Thursday, March 31, 2011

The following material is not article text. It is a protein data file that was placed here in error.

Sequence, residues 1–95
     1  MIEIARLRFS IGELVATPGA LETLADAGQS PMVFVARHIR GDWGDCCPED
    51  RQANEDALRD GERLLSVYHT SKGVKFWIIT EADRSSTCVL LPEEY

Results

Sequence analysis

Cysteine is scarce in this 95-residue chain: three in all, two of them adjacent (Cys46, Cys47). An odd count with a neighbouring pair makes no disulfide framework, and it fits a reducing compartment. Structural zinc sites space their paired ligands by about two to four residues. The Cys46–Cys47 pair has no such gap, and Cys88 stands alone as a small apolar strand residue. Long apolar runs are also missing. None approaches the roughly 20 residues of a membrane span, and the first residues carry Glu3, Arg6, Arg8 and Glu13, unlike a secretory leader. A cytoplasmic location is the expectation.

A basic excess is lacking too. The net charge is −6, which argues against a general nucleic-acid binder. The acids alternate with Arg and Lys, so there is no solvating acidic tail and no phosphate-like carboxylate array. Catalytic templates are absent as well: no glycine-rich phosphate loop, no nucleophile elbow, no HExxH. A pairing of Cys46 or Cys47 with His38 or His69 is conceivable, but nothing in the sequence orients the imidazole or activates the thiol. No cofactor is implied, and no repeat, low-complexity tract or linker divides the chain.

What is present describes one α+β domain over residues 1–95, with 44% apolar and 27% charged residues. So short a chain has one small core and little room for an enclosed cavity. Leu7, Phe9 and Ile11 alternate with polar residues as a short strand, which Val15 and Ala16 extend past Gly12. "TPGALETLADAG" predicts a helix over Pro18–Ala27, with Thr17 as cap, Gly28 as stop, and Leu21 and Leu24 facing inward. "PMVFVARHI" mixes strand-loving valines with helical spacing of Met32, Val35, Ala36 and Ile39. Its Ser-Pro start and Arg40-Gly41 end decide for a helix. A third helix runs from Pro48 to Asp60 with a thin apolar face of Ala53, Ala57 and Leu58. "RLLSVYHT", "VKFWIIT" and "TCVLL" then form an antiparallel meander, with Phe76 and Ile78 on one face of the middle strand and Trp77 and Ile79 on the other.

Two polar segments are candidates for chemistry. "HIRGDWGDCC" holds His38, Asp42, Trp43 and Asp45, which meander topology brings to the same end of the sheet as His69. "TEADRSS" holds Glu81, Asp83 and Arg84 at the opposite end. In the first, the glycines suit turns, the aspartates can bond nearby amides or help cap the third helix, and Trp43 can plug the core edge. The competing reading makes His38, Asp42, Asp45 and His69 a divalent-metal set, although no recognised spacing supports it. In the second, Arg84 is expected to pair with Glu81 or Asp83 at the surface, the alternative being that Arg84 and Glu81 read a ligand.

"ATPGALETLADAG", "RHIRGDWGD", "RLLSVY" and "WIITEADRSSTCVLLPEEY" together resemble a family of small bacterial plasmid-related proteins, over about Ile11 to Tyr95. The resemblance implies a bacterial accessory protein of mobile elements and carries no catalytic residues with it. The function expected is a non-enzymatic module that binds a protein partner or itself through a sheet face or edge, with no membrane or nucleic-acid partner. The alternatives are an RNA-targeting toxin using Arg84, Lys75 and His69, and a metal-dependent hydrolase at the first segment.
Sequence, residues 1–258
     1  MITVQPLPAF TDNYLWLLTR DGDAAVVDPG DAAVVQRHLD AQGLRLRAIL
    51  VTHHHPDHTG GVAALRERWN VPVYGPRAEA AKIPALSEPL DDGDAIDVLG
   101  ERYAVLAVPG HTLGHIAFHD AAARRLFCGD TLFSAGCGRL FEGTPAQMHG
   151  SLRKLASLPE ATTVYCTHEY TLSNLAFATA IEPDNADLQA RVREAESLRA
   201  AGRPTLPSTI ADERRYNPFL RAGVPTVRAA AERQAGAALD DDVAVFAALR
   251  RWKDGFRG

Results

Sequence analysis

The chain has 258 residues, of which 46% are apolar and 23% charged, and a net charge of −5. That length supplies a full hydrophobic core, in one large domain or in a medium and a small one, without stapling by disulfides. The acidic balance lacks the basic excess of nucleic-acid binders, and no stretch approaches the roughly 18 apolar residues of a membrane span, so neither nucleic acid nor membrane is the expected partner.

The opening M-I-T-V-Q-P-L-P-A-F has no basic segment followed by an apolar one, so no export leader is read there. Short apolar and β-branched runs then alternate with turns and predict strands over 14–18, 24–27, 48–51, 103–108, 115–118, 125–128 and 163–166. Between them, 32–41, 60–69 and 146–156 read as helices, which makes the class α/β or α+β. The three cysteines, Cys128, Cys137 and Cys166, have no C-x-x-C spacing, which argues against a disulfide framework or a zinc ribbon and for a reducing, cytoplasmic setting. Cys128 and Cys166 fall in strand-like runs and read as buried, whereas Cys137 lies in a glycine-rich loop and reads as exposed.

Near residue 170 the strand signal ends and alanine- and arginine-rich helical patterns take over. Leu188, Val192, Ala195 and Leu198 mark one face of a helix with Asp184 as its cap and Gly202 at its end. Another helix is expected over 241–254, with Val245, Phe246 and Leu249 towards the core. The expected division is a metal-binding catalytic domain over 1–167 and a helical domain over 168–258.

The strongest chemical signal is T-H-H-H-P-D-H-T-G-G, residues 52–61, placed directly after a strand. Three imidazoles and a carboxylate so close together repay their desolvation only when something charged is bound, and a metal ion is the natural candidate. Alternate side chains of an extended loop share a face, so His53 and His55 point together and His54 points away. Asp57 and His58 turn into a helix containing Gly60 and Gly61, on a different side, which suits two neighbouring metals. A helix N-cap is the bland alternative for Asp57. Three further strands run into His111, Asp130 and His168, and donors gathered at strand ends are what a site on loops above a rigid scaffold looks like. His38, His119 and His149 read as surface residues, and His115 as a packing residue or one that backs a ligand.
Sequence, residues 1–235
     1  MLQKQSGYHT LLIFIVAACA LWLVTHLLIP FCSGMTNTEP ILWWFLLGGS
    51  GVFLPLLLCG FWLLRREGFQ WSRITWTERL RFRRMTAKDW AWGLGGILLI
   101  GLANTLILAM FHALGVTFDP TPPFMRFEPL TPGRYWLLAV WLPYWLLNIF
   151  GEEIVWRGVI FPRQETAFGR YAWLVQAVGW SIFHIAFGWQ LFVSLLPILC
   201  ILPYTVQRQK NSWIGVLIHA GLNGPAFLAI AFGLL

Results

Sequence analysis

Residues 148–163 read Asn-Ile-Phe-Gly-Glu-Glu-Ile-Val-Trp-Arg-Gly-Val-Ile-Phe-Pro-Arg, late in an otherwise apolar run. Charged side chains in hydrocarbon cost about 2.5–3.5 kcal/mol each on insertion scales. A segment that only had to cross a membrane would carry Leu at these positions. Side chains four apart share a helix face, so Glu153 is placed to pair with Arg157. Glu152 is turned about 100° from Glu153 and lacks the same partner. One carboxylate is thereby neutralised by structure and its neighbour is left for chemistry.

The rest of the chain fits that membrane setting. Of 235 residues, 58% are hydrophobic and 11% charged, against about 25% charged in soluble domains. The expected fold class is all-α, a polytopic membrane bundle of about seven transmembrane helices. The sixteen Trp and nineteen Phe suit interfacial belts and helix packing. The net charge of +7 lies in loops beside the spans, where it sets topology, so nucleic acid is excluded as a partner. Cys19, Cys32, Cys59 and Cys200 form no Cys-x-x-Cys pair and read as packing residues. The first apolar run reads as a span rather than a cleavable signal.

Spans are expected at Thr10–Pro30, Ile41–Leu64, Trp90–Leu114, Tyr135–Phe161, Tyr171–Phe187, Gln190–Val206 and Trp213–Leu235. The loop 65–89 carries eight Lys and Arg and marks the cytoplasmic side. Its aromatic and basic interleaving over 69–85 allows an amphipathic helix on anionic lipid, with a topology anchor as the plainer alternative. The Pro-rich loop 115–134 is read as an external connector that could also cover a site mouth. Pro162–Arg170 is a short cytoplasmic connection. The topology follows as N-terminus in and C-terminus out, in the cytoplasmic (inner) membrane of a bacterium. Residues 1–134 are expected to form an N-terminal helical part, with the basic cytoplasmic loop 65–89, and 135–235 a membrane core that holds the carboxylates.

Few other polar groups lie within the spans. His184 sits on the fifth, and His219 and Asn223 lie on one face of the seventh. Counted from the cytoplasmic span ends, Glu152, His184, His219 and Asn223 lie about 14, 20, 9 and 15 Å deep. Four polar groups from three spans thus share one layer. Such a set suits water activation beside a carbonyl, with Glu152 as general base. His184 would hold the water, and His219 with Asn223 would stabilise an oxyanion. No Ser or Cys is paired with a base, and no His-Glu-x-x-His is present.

This book is the first non-fiction selection of my yearlong challenge. It was a nice change of pace from reading only fiction for the last eleven weeks. Jamie gave me this book as a gift, considering that we both love all things bike-related. This book was published in 1972, and features what I consider to be an awesome cover. The fun visuals persist throughout the book, as it is filled with great vintage photos of old bikes and hip young people from the seventies riding them. By looking at these photographs, I have surmised that riding bikes used to be way less serious back then. For example, no one wore a helmet. As a helmet proponent, seeing pictures of people on bikes with bare heads makes me cringe, but hey, it was the seventies! (What's funny is that I learned that in lieu of helmets, some bike racers wore these weird leather headstrap things that kind of look like helmets...but I have no idea how they were supposed to protect your head. But I digress.) At any rate, Wagenvoord chronicles the history of the bicycle in American culture, starting off with a description of a cyclists' rights rally in which riders publicly champion the environmental and health benefits of cycling. This segues nicely into Wagenvoord's explanation of early bikes at the end of the nineteenth century. He describes penny farthings, those bikes with the giant wheel in front, and all of the injuries and chaos that they initially spawned. We read about the gradual transition to "boneshakers" (iron bikes that rattled over cobblestones), to bicycles with actual tires, to what we consider to be modern bikes with brakes and derailleurs and so forth. It's fun to read about the evolution of this beloved vehicle! I learned a lot about the history of the bike, and it made me more thankful for my three bikes and how much I take for granted about their functionality. The book definitely has an urban slant, since most of the story focuses on riders in the city, whether it be riding alongside horses back in the day, or riding through traffic in Manhattan. I enjoyed this, because I feel that riding should be accessible to all, and not just an activity reserved for spandex-wearing suburbanites. Overall, a great, upbeat read, with wonderful photos that will make you smile.